(B) Diffusion rate for D5–Venus before and after treatment, with muscimol (100 ?M) or muscimol (100 ?M) and SKF81297 (10 ?M), for 3 min followed
by wash out. No significant effect was found on the diffusion rate of D5–Venus for either treatment. Graph shows ratio of diffusion coefficients
(after/before treatment), n?6 (muscimol) and n?11 (muscimol?SKF81297). (C) D5–Venus positive spines were counted before and 15 min after
treatment with muscimol (100 ?M) and SKF81297 (10 ?M). Treatment did not have any significant effect on the number of D5–Venus positive spines.
Bars are expressed as % change in number of spines, where before treatment (control) is set to 100%, n?250 spines.
M. Kruusmägi et al. / Neuroscience 164 (2009) 463–469 467
can be used to identify dynamic interactions between such
protein complexes, and the information derived from such
studies should be of importance for future development of
combination therapies. Few studies have focused on the
mobility of G-protein coupled receptors (GPCRs). Our
group recently reported that D1moves by lateral diffusion
in the plasma membrane of striatal neurons and that ex-
posure to NMDA decreases the diffusion rate of D1and
traps D1in spines (Scott et al., 2006). In the present study
we show that both D5and D1are transported in the den-
dritic tree via lateral diffusion and that the diffusion rates for
D5and D1are similar. Notably, the diffusion rates of both
D1and D5are higher than the diffusion rates reported for
ionotropic receptors (Borgdorff and Choquet, 2002). This
higher rate of diffusion might partly be ascribed to the small
cross section of D1/D5, compared to the cross section of
AMPA or NMDA receptors. We found no effect of NMDA
exposure on the D5diffusion rate or on the expression of
D5in spines. This is in line with the biochemical findings
that D5does not exhibit the properties required for being
trapped in the PSD by the NMDA receptor.
Differences between D1and D5receptors can be
attributed to the structural dissimilarity between the
The functional differences between D1and D5observed in
this study can be attributed to structural differences in the
C-terminus tails of D1and D5. The C-termini of GPCRs
have been reported to play key roles for receptor targeting,
for assembly with other proteins, for receptor trafficking,
and for the fine-tuning of the receptor signaling (Bockaert
et al., 2003, 2004). The C-terminus tail of D5did not, in
contrast to the C-terminus tail of D1, interact with the
NMDA receptor and PSD-95. Deletion of the C-terminus
tail had no detectable effect on the localization of D5, while
deletion of the C-terminus tail of D1almost completely
abolished the expression of the receptor in the dendritic
tree. This suggests that the D5receptor contains targeting
information in other sites of its sequence. It will be an
important topic for further studies to identify these sites,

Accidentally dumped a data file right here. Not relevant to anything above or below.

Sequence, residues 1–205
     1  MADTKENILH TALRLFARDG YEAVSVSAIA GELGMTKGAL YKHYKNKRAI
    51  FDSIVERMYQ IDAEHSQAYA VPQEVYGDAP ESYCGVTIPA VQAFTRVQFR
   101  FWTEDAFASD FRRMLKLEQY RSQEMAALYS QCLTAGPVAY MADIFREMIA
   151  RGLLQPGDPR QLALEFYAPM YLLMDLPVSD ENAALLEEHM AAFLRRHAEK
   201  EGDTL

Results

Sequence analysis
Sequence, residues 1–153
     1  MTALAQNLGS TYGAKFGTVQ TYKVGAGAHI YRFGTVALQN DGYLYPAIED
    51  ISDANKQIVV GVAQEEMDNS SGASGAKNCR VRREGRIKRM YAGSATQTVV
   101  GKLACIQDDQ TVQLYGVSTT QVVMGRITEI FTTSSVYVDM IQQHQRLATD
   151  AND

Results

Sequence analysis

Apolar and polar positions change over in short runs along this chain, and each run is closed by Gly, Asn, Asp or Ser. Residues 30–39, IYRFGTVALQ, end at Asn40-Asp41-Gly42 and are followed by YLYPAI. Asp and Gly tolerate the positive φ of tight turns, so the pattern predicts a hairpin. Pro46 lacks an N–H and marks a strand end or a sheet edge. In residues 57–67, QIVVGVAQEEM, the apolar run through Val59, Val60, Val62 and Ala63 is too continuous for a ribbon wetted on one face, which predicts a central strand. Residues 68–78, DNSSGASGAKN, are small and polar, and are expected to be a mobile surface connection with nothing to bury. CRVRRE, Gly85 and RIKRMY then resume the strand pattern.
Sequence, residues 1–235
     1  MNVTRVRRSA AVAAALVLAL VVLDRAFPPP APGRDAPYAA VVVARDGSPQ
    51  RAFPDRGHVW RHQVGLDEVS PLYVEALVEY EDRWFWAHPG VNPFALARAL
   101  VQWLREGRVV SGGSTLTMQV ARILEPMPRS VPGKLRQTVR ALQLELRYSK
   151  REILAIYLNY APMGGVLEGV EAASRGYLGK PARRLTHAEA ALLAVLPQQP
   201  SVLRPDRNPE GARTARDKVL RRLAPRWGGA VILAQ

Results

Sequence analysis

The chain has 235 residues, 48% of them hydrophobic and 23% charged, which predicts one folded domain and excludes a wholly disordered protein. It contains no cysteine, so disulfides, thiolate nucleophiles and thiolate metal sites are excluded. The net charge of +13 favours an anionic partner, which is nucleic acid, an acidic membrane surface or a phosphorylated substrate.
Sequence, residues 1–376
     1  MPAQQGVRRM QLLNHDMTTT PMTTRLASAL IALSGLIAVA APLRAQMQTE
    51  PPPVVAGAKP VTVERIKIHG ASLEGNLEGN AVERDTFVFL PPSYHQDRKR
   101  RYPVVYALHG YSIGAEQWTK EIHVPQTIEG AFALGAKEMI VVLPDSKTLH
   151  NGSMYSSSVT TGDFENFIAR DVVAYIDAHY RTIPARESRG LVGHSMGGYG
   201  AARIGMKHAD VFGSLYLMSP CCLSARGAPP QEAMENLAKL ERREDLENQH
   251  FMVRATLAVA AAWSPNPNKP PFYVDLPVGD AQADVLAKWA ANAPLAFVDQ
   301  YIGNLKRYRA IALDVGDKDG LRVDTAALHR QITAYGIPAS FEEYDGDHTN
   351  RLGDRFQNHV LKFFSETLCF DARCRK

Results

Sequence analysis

since it will contribute to a better understanding of the
overall function of D5.
Lack of interaction between D5and GABAAreceptor
in striatal neurons
It is well documented that the C-terminus of D1is important
for the interaction with NMDA receptors (Fiorentini et al.,
2003; Scott et al., 2006). The corresponding part of the D5
C-terminal tail has, in studies performed on hippocampus
tissue, been reported to interact with the GABAAreceptor
?2 subunit (Liu et al., 2000). Here we were unable to show
an interaction between the C-terminus of D5and the
GABAAreceptor ?2 subunit. Since our studies were per-
formed using striatal tissue, the differences in results might
be due to regional differences in the interaction between
the two proteins. In the Liu et al. study, an interaction was
only demonstrated when activating both D1/D5receptor
and GABAAreceptor in HEK 293 cells expressing D5and
GABAAreceptor. We were unable to detect any functional
interaction between GABAAreceptor and D5using ago-
nists for GABAAand D1/D5receptors. Exposure to musci-
mol, a GABAAreceptor agonist, and SKF81297, a D1/D5
nonselective agonist, did not have any effect on the mo-
bility and spine expression of D5.
Implication of results
Cocaine and other addictive substances that act to increase
dopamine availability are also known to alter glutamatergic
synaptic plasticity (for a review see (Kauer and Malenka,
hyperactivity induced effects of cocaine treatment are unal-
tered in D5knockout mice, but lost in D1knockout mice
(Levine et al., 1996; Karlsson et al., 2008). The results from
the present study offer a cellular and molecular explanation
for these observations. The interaction between the dopami-
nergic and glutamatergic systems plays a pivotal role for
normal behavior and is perturbed in many psychiatric disor-
ders (Laruelle et al., 2003; Castner and Williams, 2007). The
findings of the present study indicate that in medium spiny
neurons the D1, but not the D5, is involved in the intraneuro-
nal interaction between the dopaminergic and glutamatergic
systems. This information will be of importance for the design
Acknowledgments—The authors wish to thank Tove Önfelt
Tingvall for experimental assistance. This work was supported by
Swedish Research Council, Familjen Erling Perssons Stiftelse,
Jeanssons foundation, the Magnus Bergvall foundation and the
Märta and Gunnar V. Philipson Foundation.
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(Accepted 24 August 2009)
(Available online 29 August 2009)